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Standing by Her Man: Why?

Experts say emotions ranging from rage to humiliation affect the cheated-on spouse who decides to stay.
By
WebMD Feature
Reviewed by Louise Chang, MD

Fashionably dressed and smoothly coiffed, New York first lady Silda Spitzer's expression seemed to convey a mixture of sadness and rage during the Monday press conference where her husband, New York Gov. Eliot Spitzer, publicly apologized over his alleged involvement in a prostitution ring.

The news videos headlining the alleged infidelity of a powerful man brought up other similar images of late -- Bill and Hillary Clinton, former New Jersey Gov. James McGreevey and his wife, Dina, and Idaho Sen. Larry Craig and his wife, Suzanne.

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In each case, the man was allegedly not faithful. And in each case, the wife stood by her man -- at least temporarily.

The latest case, as the others, brings up a host of questions for most of us: What are the cheated-on spouses feeling? Why do they stand by their partners? Why do they stay?

Experts consulted by WebMD say they don't know enough about the Spitzer case to comment directly on it, but through their years of experience working with unfaithful couples or researching fidelity, can suggest dynamics that might be occurring.

(Why do men in power seek out prostitutes? Read one expert's opinion about the case of Gov. Eliot Spitzer on WebMD's Sex Matters blog.)

Standing by Her Man: Despite Rage?

"The immediate reaction to the news of infidelity is a profound trauma for people," says Don-David Lusterman, PhD, a psychologist in Baldwin, N.Y., who is well known for his expertise in treating couples with infidelity issues.

"Men and women [both] are very traumatized," he says of the cheated-on spouse. "They really enter marriage thinking they are going to live happily ever after."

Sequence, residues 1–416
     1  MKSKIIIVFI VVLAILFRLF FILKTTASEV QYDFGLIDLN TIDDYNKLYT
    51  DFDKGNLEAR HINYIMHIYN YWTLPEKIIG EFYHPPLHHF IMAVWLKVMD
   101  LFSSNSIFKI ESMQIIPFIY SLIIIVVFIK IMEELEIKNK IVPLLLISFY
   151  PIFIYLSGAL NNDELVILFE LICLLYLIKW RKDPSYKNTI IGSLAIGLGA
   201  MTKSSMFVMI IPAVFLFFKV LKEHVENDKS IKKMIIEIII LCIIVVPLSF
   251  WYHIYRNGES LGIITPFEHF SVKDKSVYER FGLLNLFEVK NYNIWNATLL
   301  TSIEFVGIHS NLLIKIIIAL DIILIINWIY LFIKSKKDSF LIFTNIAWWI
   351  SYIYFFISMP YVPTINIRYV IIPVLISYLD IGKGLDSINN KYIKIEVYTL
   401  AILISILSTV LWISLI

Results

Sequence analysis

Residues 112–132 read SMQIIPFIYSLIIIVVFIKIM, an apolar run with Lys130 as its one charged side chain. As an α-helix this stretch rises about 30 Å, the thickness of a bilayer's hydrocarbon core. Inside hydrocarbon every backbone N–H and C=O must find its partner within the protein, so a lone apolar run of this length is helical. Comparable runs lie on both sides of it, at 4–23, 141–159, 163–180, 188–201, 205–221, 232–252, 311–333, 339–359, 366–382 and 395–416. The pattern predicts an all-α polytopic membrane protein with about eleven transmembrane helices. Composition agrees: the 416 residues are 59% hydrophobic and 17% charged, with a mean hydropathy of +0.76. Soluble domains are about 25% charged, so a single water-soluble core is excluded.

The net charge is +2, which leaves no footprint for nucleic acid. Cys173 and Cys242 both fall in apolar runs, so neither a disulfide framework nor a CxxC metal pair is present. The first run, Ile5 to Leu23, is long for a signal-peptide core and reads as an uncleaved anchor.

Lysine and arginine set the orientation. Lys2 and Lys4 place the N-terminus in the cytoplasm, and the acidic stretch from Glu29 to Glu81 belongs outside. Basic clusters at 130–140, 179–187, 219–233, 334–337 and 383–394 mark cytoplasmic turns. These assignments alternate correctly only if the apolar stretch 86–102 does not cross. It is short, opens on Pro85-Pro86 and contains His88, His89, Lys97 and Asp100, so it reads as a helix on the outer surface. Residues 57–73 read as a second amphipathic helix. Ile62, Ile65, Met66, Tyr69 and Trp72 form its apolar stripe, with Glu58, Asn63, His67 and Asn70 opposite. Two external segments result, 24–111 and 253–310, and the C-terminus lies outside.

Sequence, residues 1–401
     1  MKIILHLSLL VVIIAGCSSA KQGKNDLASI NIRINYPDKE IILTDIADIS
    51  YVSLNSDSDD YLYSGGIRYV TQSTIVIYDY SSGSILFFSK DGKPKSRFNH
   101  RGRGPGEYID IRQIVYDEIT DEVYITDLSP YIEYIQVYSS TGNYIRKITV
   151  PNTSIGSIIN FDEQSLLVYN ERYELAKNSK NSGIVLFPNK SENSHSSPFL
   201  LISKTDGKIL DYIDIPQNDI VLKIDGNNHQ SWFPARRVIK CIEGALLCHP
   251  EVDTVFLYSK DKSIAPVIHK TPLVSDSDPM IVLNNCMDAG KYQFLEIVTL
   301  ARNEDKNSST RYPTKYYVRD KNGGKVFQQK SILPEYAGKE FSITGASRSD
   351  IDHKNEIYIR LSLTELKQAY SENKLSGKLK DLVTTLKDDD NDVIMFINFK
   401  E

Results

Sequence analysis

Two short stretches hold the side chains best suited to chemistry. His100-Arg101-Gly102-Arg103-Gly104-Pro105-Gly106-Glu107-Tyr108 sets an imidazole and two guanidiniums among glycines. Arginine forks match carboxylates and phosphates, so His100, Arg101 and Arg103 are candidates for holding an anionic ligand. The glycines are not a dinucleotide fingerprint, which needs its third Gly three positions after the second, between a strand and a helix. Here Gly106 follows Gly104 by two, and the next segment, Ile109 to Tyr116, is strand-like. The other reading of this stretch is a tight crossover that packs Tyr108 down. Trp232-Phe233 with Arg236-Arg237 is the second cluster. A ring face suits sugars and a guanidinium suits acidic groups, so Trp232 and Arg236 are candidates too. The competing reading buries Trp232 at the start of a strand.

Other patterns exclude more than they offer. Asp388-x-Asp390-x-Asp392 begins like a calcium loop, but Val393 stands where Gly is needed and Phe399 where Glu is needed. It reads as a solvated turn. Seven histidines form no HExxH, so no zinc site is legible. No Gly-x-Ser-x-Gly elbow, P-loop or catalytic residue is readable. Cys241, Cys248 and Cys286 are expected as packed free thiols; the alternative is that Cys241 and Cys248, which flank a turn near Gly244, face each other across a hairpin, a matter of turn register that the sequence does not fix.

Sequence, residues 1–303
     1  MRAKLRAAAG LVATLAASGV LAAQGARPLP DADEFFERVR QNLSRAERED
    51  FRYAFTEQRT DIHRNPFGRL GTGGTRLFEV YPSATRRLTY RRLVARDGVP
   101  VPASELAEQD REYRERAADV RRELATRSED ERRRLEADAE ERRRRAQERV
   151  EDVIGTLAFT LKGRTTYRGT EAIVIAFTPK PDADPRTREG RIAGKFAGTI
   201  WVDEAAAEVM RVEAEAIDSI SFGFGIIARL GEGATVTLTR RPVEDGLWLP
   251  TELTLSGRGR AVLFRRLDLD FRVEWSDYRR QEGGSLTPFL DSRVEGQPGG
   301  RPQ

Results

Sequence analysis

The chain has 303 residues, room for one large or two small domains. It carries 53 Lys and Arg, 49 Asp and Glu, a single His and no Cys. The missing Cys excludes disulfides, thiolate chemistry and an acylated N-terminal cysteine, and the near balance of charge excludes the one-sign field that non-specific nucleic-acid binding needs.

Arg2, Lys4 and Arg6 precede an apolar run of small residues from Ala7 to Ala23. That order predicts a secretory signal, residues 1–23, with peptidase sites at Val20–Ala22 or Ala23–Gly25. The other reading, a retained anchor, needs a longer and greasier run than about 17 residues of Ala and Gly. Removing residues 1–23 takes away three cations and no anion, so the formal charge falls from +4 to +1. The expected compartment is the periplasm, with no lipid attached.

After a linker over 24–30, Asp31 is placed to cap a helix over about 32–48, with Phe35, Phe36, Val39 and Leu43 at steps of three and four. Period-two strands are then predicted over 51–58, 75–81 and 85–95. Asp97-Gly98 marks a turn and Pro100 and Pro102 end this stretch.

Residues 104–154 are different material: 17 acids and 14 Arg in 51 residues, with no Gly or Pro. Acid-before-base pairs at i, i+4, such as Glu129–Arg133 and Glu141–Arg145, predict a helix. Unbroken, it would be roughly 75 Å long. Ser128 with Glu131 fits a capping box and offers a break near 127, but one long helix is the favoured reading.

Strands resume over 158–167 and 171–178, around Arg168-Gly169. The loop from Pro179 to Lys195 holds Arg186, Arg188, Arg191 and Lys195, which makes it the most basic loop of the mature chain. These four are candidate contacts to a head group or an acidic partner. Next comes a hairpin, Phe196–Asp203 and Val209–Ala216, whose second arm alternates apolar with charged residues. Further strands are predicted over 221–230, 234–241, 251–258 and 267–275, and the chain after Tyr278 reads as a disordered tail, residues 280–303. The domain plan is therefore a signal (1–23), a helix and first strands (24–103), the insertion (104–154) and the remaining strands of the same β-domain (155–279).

Terror can be the next emotion, after digesting the news, Lusterman tells WebMD. The spouse may ask herself or himself: "What else do I believe [besides thinking he was faithful] that I shouldn't have?" They may experience the anxiety of wondering what part of their life is as they perceive it and what part is not.

The immediate reactions to infidelity are "primal," says Marion Rudin Frank, PhD, a Philadelphia psychologist who works often with couples. "The green-eyed monster is there," she says. Cheated-on spouses typically are also fuming and grieving for the marriage they thought they had and the investment they have made.

Spouses betrayed by their partners, understandably, tend to be "furious at every level," says Helen Fisher, PhD, a cultural anthropologist at Rutgers University and a leading researcher on love, romance, and attraction. Profound embarrassment can creep in, especially in a betrayal so public as a politician's.

Humiliation is common, too, she says. "There's the fact that some people will laugh at her." They'll wonder why she stays, even temporarily.

Oddly, another emotion may take over once the couple is facing the music -- or in the case of the powerful, the press conference. "She gets to look noble by standing by him," Fisher says.

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